Workshop: Workshop

 
 
 
Workshop
Students In Action
 
 
Students In Action
 
 
 
Collaborative Student Groups

Workshop

Workshop is a powerful strategy that provides my students with a degree of choice in how they learn the content in my blended learning classroom. It is also a method of holding them accountable for their choices. I believe that it's important for my students to learn how to manage their time and how to evaluate their learning options so that they can grow closer to taking charge of their own education. Each day, student groups receive "tallies"--ratings for moving quickly, making smooth transitions, and employing responses that feature academic vocabulary and professionalism. I use these tallies to determine the order in which student groups select their blended learning stations on the following day. 

Strategy Resources (5)
Students In Action
 
 
Lesson Plan
 
 
This is an example of my plan for Workshop from the early part of the year. Note that students are selected to be in tutoring based on two different assessments.
Poster
 
 
The Workshop Board is the student-facing display of available stations and work. Depending on how much choice I give students on a specific day, the structure of the Workshop Board changes.
Student Data
 
 
This is the accountablity document that I created to help with two potential issues. First, there is a fear that students will only do the activities that they want rather than what they need. Next, in that scenario, students may not be getting access to all the opportunites in the classroom. Note the grade section, I give this a monthly grade. Also, the starred items can receive bonuses.
Strategy Explanation
 
 
This flowchart shows how I make groups for two week increments of Workshop, using the formative assessments of the previous two weeks. The groups will come to tutoring or work together in the group model of Workshop.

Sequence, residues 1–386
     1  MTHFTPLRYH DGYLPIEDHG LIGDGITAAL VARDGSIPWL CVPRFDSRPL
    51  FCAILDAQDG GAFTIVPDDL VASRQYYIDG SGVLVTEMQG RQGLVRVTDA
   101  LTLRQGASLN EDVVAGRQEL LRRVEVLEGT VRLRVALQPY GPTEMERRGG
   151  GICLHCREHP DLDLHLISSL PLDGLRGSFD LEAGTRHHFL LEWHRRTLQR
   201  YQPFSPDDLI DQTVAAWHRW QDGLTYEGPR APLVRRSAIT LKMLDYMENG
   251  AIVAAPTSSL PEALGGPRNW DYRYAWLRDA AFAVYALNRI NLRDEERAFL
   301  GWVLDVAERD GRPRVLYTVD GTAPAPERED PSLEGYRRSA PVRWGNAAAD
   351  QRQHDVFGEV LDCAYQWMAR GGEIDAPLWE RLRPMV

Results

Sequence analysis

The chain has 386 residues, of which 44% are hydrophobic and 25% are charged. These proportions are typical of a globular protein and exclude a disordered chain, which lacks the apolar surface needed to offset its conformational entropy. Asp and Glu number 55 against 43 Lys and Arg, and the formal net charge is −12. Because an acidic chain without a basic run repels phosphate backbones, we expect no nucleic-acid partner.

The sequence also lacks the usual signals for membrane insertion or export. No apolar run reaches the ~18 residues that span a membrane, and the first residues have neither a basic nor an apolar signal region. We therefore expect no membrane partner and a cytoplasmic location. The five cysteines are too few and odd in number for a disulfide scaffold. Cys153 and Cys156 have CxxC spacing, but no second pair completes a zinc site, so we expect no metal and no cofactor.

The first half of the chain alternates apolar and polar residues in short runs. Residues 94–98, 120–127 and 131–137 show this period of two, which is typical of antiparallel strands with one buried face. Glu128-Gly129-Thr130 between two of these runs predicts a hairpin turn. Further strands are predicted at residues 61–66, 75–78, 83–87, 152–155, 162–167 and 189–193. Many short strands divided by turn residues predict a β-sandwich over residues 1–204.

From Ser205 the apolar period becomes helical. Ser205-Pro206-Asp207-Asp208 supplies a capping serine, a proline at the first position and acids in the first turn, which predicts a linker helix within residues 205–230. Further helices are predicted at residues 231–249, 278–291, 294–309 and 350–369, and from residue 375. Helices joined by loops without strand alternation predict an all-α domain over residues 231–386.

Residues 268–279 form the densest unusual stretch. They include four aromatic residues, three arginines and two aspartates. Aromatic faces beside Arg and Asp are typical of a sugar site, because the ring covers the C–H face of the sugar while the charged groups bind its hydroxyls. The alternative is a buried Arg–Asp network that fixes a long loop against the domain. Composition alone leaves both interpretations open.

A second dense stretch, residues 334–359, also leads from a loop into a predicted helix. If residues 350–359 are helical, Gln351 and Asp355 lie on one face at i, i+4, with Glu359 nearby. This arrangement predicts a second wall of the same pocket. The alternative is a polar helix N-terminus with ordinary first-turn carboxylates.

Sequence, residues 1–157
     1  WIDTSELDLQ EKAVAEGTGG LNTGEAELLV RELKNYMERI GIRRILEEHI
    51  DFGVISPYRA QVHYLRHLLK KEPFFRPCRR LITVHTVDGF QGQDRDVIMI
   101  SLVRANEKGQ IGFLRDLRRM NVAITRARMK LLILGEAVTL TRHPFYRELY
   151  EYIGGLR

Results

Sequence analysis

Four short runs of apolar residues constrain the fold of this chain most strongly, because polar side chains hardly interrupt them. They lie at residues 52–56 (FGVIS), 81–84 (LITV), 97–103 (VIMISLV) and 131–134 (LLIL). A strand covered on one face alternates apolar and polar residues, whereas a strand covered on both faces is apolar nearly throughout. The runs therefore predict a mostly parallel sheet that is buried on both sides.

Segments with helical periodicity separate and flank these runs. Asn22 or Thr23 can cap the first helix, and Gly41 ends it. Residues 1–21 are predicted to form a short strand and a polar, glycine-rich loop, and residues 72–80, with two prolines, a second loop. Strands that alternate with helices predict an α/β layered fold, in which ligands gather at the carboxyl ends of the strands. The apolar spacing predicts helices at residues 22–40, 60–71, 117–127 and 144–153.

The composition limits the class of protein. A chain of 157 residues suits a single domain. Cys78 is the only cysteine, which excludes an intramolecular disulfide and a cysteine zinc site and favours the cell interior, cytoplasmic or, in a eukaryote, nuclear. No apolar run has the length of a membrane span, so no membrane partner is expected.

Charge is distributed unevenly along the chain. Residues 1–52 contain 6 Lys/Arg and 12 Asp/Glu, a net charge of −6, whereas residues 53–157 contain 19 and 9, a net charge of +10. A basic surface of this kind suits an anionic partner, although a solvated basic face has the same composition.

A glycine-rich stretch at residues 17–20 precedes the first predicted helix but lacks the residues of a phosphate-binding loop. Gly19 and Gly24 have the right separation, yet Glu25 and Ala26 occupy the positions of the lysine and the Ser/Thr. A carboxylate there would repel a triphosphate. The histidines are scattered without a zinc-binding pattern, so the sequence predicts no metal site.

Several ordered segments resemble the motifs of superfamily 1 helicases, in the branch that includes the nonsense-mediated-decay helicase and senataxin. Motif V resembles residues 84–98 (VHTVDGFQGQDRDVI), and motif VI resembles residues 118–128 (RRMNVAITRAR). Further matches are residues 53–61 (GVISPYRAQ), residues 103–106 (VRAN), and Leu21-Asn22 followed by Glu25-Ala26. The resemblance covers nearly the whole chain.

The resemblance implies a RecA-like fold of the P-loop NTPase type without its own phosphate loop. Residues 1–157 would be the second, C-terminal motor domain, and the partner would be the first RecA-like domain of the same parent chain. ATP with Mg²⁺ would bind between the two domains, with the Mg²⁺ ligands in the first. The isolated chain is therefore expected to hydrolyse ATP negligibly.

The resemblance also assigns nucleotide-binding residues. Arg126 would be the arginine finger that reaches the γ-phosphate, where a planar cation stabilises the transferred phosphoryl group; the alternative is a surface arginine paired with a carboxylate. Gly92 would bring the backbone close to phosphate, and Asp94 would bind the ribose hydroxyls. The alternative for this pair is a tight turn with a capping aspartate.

Students In Action
 
 
Poster
 
 
The Workshop Board is the student-facing display of available stations and work. Depending on how much choice I give students on a specific day, the structure of the Workshop Board changes.
Strategy Explanation
 
 
This flowchart shows how I make groups for two week increments of Workshop, using the formative assessments of the previous two weeks. The groups will come to tutoring or work together in the group model of Workshop.
Lesson Plan
 
 
This is an example of my plan for Workshop from the early part of the year. Note that students are selected to be in tutoring based on two different assessments.
Student Data
 
 
This is the accountablity document that I created to help with two potential issues. First, there is a fear that students will only do the activities that they want rather than what they need. Next, in that scenario, students may not be getting access to all the opportunites in the classroom. Note the grade section, I give this a monthly grade. Also, the starred items can receive bonuses.
Daniel Utset-Guerrero
Holmes Elementary School
Miami, FL


 

About this strategy

Prep Time:
Long
Subject:
Math
Grade:
Fifth grade
Similar Strategies
Routines and Procedures
Rotation Expectations

Before my students begin our system of rotations at the beginning of the year, I take time to make it very clear where they will go, what they will do, and what materials they will need. I also make sure to do frequent checks for understanding. Dedicating extra time to review Rotation Expectations at the beginning of the year helps to ensure that rotations will run smoothly throughout the year. Class tutors are also selected for each rotation. They walk around to support their peers who need help and even help to manage class behavior. Class tutors are given an iPad with access to our ClassDojo site, where they award "positive points" to students following expectations and "needs improvement points" to those who are not following expectations. Through explaining my expectations and leveraging the class tutor to reinforce these expectations, I ensure that my students are giving their best efforts during our rotations.

 
Academic Culture
Brain Power

Brain Power is a strategy my students and I use to promote a classroom culture of risk-taking, resilience, and collaboration. Early in the year, I teach my students to wiggle their fingers towards their peers who are thinking of an answer or trying to correct an incorrect response. This strategy creates wait time and encourages my students to continue their thinking process without giving up.

 
Assessment & Data
Poll Everywhere

Poll Everywhere is a reflective tool that we use in my classroom to get insight into each other's thoughts, opinions, and answers. Essentially, students on any technology can open a specific or the permant poll question and respond throughout the day. Sometimes, we even do a wordle reflection to get a "pulse check" of how students feel about the content. The students often use Poll Everywhere during Marzano's practice or Workshop to leave advice or share a success or failure with their students. The thinking here is it is important for students to feel like they have an avenue to reflect, and that what they want to say can be useful for others. It helps us to foster a sense of true collaboration and community. 

 
 
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